On rose-breasted grosbeak watch, a mighty fine surprise

We’re in the second week of May, and I’ve been watching the reports of rose-breasted grosbeaks roll in from other birders nearby. No such luck here at home, even as I’ve camped out with my coffee and camera each morning, hoping one of them will arrive at our feeders.

This afternoon as I passed by the bank of windows to the rear of our house, I was startled to spot a pileated woodpecker hacking away at one of the trees holding up our hammock.

What a creature!

This is only the third time I’ve spotted one of these magnificent birds at home. The first two came last year, once in a tree on the golf course just off the back of our lot, the second on one of our trees. Before that, my only other knowing sighting was of several on the wing in Vermont one fall a few years ago.

In the woods of New Jersey, I’ve heard them many times, their primeval ka-ka-ka-KA-KA-KA-KA cries taunting me from a distance.

A pileated woodpecker pauses before ripping into a tree May 10, 20221.

Today, as the bird traveled up and down one of our maples, I was able to grab my camera and take a few shots through a window, then step out onto the patio for a few more. The bird flew onto the golf course and lighted near the base of a tree, giving his thrilling call to claim his spot before tearing into the bark.

With camera and monopod, I followed onto the course, advancing in stages, getting closer and closer, stopping near a cart path and gently sidling westward to get more of the sun behind me.

I took several more shots, then switched to video. Although I’ve gotten a little better at shooting video with a monopod-mounted Canon DSLR, the video still looks as if it were shot by a goldfinch undulating in flight.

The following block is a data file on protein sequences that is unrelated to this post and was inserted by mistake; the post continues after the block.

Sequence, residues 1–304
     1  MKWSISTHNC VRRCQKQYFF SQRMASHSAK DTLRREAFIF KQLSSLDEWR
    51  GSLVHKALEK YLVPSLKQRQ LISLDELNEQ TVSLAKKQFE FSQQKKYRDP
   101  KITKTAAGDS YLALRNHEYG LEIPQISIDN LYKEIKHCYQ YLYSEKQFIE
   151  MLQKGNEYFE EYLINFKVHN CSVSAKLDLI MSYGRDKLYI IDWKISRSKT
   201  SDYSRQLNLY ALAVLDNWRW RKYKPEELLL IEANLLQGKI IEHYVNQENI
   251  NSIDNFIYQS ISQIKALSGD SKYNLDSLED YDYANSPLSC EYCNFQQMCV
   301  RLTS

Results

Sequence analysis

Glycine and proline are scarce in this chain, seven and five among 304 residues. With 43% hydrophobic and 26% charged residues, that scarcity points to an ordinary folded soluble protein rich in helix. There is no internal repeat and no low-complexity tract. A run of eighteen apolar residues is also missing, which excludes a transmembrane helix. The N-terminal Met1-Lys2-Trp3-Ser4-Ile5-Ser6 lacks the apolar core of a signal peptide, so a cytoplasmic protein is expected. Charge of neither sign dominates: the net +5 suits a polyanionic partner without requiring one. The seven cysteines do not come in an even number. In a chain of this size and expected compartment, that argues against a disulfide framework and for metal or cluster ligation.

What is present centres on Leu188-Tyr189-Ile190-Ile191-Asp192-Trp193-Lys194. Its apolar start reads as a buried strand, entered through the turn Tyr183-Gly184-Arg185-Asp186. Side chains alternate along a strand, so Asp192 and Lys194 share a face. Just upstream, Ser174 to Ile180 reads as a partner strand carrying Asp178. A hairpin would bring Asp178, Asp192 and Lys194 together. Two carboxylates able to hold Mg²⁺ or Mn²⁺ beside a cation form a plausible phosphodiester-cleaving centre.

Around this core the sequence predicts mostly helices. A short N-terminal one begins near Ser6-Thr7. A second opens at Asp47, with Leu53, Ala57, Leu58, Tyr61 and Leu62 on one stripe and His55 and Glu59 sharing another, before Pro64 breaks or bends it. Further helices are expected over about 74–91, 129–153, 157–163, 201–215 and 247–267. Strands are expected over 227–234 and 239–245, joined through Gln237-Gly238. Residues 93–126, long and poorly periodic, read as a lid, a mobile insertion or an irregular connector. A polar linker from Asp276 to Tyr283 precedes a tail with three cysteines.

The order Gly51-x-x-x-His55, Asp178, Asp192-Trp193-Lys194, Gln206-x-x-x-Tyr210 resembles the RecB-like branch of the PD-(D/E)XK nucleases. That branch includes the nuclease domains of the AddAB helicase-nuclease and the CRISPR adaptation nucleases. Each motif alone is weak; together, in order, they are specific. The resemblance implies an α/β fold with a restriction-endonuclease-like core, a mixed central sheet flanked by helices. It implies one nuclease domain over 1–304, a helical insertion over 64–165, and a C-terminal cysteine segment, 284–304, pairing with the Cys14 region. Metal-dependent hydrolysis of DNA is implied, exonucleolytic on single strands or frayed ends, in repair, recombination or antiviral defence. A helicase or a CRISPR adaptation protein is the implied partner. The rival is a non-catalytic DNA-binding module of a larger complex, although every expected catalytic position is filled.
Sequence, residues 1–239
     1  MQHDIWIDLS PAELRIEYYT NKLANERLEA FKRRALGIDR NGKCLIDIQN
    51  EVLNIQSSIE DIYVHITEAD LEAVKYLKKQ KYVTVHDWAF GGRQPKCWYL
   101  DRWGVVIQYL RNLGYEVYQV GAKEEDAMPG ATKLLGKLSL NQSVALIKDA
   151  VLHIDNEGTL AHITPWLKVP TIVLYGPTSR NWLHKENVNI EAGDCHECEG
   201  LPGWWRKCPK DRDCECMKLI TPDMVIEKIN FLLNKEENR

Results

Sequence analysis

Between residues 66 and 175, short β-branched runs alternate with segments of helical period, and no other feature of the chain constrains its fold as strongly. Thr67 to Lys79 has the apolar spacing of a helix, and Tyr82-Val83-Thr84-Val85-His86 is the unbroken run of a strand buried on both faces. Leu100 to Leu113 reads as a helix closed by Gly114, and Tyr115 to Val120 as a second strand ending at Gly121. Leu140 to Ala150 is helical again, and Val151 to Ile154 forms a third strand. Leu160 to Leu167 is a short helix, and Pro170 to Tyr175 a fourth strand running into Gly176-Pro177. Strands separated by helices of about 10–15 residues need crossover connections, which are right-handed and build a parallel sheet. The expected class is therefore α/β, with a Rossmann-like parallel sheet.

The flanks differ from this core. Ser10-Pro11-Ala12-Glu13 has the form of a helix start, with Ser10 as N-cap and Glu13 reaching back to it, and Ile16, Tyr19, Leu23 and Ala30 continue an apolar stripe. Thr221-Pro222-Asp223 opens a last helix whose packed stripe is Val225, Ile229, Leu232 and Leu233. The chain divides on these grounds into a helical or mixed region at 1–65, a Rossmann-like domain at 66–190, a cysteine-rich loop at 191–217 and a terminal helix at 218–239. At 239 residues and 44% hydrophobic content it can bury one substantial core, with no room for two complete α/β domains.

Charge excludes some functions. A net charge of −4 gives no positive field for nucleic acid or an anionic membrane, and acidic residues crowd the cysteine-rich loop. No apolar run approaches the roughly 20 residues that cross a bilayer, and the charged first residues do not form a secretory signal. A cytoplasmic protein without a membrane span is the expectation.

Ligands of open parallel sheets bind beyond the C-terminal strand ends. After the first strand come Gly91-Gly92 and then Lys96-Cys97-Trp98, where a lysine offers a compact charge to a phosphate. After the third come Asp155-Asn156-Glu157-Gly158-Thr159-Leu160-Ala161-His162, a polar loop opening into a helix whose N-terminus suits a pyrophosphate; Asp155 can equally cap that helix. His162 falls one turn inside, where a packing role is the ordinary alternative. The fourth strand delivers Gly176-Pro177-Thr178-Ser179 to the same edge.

Thank you, Mr. Pileated — a name rooted in the Roman tradition of ex-slaves wearing the “pileus” brimless cap denoting they’d been freed — for stopping by. You made me forget about the grosbeaks. For a little while, anyway!

The early bird gets the sightings

A common yellowthroat emerges from tree cover May 6, 2021, giving me just enough time to snap a few shots.

Up and about earlier than usual this morning, I headed over to the Mercer Meadows Pole Farm and was rewarded richly. I had barely walked out of the parking lot at Cold Soil and Keefe roads when two tree swallows beckoned me in to one of the best birding locations in Mercer County.

Red-winged blackbirds were trilling away as I turned into the allee to my left. At certain times of year, that pathway over-arched with trees is the hottest spot within the hot spot. Today was one of those days.

Within about five minutes, I’d also spotted song sparrows, a downy woodpecker, a couple of common yellowthroats and, high up in a tree, a pair of Eastern kingbirds who appeared to be very much in love.

I was lucky that one of the yellowthroats, usually elusive little bandits, not only gave his signature witchety-wichety-wichety call but popped into the open long enough for me to get a few quick snaps.

In a span of 90 minutes, I counted 17 species, 18 if you add in the pair of chickadees that I listed as either Carolina or black-capped. The two versions mingle freely in these parts, and they’re too quick for me to type them or even photograph them in the woods.

As I walked out of the allee and into an open field, I was hoping to catch an Eastern meadowlark. That would come on my walk back to the car. Instead, I spotted another pair of goldfinches before glimpsing a couple of sparrows on the ground near an observation deck. I got one poor photo but I did get a great view through the binoculars. With broken ellipses of yellow around their eyes, they were unmistakably savannah sparrows.